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Home Brewer: Cafe in Your Kitchen - Part Two

Posted by Stella Cochrane on

Last time we looked at setting up your espresso machine and extracting the perfect shot of the first time. Now we must turn our attention to the often most problematic area for a budding home, or indeed a professional barista.

Milk texturing: it’s often the difference between a sweet coffee and one that is better poured down the sink. Once you’ve mastered the art of pulling a perfect shot, you need to get to work on developing your milk texturing technique.

Even if your preference is a short black, the shiny machine on your benchtop is going to attract plenty of visitors, all prepared to self-sacrifice and ‘let you practice’ on them. So you’re going to have to learn to texture milk, either for yourself or to show off to your guests.

You should always prepare your espresso shots first — the steamed milk holds the majority of the heat of your drink and if you steam first, the milk will lose temperature while you’re pulling your shot, and the foam and milk will also separate.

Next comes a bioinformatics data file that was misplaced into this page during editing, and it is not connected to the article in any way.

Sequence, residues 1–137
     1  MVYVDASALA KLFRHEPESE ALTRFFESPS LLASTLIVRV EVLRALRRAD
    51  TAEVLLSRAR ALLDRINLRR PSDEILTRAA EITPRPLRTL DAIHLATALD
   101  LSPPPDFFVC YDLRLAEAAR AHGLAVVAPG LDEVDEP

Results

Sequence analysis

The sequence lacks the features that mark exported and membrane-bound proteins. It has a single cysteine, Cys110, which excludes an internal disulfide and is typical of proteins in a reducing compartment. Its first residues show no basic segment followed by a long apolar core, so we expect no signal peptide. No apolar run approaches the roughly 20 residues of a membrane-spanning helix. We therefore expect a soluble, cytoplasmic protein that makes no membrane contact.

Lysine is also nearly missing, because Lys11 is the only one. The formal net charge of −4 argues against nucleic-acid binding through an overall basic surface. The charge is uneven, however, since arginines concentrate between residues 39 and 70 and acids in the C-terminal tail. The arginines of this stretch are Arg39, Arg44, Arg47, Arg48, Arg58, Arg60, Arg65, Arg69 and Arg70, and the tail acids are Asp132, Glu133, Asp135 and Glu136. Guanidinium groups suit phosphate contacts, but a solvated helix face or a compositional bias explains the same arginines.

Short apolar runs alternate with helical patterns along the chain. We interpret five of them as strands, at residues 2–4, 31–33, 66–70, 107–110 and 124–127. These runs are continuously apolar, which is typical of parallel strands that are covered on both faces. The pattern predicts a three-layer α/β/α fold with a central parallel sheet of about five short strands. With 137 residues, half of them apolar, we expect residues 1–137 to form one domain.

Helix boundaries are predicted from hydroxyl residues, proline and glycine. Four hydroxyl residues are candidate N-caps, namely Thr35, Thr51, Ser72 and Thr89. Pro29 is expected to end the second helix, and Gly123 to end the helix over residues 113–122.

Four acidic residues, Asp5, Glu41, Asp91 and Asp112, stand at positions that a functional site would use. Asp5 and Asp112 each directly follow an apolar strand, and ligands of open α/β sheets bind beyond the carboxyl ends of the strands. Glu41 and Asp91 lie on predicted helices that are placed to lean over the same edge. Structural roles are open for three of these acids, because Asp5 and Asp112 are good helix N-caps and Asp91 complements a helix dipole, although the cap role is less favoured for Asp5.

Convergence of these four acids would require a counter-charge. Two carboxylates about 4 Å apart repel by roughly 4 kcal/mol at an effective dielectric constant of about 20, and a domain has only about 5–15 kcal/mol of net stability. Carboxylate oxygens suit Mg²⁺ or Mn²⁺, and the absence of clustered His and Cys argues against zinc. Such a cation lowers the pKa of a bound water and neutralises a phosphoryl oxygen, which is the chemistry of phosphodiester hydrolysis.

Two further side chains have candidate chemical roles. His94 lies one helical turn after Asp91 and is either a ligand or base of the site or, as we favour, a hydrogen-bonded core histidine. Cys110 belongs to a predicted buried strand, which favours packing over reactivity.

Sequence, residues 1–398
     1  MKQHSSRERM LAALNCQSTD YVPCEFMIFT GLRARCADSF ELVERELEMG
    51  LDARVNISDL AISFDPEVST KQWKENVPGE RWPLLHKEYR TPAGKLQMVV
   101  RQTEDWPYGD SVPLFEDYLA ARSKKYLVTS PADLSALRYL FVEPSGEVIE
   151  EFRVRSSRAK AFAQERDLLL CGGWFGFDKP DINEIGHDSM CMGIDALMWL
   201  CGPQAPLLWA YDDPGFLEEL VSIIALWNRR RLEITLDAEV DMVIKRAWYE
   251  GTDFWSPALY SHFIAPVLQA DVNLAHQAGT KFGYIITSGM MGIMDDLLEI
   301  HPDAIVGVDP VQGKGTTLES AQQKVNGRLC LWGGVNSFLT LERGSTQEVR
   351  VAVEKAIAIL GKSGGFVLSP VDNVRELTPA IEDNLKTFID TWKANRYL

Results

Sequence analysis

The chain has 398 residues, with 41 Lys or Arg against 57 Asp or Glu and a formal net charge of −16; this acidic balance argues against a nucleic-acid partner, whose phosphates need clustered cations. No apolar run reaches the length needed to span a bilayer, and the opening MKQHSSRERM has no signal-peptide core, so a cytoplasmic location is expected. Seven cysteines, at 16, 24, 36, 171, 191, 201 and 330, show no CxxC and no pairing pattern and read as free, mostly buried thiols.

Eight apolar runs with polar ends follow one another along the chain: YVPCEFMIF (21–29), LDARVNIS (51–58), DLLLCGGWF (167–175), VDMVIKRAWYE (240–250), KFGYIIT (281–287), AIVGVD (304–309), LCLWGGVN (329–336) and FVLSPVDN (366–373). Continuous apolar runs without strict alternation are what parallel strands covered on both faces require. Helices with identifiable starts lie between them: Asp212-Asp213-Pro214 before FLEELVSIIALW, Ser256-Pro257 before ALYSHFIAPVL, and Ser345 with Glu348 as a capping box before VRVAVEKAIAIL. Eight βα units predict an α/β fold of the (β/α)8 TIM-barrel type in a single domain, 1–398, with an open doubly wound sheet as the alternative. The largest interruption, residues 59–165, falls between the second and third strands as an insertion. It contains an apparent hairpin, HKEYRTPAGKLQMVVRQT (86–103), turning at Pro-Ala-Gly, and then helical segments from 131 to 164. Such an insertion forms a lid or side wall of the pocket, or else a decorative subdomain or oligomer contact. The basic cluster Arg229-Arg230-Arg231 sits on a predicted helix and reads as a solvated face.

I am often asked “which milk is best for steaming?”. The answer, like many things in specialty coffee, is that this is largely a matter of personal choice. Common Man is very loyal in it's milk usage, and we give our customers full cream milk, unless specifically requested, because its creaminess complements coffee’s natural flavours; but the choice is really yours. As I say time and time again experimentation is key to perfection, so try different brands and varieties to discover which you like best.

You’ll notice that I keep referring to the ‘texture of the milk’. What I mean by this is basically the integration of the milk and foam, and the density of the bubbles. What you’re aiming to achieve is generally called ‘micro-foam’ — a foam with almost imperceptible air bubbles, a glossy sheen on top and a creamy, dense texture.